Sainte-Croix and its region have for a long time represented something of a “biotope” for the mechanical arts. The town is also where Denis Flageollet, alongside automaton-makers Nicolas Court and François Junod, constructor Boris Masur, jeweller and components decorator Victoire Halter, cutler and art mechanic Renaud Lelièvre, and music teacher and arranger Jean-Michel Bolens, set up Mec-Art, a non-profit organisation whose purpose is to “safeguard the area’s ancestral traditions, develop them artistically and technically, give them international exposure and reveal future talents and new entrepreneurs, thereby ensuring the continued cycle of Art Mechanics.” This vast programme also extends to workshop classes and a Master’s degree.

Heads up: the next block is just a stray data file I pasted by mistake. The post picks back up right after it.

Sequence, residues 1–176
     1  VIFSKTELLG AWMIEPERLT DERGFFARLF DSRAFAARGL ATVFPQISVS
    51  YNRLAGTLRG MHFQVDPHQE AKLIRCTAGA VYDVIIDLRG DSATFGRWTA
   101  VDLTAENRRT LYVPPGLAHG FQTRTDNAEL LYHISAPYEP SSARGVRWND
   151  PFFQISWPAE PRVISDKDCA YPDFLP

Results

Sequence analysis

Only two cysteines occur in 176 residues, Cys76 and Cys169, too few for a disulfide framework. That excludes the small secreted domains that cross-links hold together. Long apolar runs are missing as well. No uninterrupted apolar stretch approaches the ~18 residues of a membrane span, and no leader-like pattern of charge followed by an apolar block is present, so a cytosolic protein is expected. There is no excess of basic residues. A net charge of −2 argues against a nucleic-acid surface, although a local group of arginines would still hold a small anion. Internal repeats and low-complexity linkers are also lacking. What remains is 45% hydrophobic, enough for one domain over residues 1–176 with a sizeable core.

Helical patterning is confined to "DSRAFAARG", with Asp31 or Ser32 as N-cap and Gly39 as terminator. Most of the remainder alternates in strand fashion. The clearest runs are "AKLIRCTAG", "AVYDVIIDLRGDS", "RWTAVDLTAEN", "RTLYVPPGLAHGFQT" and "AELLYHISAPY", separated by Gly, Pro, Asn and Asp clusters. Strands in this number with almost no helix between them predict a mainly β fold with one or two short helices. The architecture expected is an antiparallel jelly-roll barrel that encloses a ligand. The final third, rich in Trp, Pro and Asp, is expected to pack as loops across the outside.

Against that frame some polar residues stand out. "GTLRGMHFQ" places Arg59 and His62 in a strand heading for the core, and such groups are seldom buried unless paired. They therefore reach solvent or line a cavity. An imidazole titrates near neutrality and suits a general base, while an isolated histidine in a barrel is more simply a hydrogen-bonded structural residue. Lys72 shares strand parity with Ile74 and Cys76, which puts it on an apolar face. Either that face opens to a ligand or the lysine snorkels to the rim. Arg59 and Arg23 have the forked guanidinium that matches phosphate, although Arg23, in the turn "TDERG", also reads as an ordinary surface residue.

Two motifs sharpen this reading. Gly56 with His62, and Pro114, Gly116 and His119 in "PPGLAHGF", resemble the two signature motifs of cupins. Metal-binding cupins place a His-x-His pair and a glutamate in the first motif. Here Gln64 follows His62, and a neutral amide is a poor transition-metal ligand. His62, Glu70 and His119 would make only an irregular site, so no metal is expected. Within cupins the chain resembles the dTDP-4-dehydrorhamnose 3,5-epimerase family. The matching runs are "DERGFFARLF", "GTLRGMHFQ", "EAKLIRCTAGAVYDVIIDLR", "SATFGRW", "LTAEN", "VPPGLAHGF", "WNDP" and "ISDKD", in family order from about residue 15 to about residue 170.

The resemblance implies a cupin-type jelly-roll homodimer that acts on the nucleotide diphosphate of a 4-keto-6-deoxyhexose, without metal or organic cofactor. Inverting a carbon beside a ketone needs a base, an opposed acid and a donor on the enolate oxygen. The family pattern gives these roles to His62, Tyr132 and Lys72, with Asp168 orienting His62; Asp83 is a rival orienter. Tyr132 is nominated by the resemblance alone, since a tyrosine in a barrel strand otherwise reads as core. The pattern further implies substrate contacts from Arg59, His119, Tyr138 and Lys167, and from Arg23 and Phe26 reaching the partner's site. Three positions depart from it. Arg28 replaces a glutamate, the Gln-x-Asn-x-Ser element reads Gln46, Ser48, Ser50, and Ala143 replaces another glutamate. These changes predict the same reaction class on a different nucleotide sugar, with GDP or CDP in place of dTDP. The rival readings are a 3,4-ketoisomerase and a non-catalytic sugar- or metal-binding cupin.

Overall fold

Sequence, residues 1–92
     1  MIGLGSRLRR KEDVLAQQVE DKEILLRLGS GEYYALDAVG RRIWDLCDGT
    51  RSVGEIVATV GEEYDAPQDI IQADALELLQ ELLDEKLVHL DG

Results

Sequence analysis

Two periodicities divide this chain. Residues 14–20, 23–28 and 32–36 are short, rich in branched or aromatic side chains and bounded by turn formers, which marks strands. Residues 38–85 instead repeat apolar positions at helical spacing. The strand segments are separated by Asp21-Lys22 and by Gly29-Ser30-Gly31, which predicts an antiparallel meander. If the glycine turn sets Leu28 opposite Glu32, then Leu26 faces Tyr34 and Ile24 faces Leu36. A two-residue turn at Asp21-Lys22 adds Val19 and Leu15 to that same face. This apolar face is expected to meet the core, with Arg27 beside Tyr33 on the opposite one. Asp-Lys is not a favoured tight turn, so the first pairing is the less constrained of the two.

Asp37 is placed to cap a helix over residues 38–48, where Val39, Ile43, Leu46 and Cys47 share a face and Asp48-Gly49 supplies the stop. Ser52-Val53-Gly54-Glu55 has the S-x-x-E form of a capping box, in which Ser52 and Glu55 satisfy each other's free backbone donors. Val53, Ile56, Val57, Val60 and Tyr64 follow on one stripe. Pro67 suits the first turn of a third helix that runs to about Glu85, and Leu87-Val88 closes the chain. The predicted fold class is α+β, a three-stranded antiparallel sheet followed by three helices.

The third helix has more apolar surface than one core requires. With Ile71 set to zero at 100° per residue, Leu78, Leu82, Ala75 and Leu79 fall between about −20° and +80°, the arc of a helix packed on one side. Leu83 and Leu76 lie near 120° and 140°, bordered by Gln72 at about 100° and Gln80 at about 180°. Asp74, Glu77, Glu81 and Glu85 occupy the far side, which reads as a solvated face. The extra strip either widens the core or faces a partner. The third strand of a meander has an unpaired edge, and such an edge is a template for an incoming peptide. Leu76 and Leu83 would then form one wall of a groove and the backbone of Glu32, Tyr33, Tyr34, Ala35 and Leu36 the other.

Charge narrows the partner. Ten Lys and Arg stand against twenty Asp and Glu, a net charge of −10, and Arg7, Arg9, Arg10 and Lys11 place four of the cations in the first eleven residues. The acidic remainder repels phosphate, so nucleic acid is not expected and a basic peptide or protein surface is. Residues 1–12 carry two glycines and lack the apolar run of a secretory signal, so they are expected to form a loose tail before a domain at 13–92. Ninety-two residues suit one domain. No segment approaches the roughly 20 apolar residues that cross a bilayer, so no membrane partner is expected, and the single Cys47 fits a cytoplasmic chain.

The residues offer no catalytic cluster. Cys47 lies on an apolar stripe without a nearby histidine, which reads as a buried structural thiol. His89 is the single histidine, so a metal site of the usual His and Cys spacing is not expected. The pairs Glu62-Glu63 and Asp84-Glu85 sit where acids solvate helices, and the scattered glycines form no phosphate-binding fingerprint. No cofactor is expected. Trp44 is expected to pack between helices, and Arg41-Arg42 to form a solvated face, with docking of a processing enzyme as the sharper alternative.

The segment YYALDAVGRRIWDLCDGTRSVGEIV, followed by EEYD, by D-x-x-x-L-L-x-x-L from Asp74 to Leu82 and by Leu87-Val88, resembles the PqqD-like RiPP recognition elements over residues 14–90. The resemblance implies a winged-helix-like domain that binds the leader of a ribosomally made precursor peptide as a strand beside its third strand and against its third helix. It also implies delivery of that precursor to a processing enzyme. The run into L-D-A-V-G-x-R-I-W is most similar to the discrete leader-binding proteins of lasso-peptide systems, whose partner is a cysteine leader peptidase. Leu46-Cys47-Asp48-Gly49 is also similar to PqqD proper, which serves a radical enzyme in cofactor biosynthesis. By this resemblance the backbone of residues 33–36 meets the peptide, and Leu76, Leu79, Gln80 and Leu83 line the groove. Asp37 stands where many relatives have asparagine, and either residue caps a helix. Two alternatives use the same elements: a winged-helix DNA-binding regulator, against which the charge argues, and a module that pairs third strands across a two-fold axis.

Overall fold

The takeover has come at a good time for these mechanical arts. Van Cleef & Arpels − whose Fontaine aux Oiseaux automaton was crafted by François Junod (read more on page 130) in Sainte-Croix, where the prestigious jeweller recently opened a studio − has become a partner to Mec-Art, which in May hosted its first art mechanics festival, with presentations, workshops, films and debates.
No more cages!
“Forty years ago, how many people would have bet on a revival of mechanical watchmaking?” asks Denis Flageollet. “Hardly anyone. I think the same is true of the music box in the widest sense: the art of producing sound mechanically.”